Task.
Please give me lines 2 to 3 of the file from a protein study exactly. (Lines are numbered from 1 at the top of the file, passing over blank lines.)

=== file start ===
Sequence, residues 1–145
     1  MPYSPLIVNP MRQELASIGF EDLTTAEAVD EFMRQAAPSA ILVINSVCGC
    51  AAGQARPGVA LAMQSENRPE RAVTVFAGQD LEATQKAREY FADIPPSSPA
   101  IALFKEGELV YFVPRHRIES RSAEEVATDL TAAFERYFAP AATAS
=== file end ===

     1  MPYSPLIVNP MRQELASIGF EDLTTAEAVD EFMRQAAPSA ILVINSVCGC
    51  AAGQARPGVA LAMQSENRPE RAVTVFAGQD LEATQKAREY FADIPPSSPA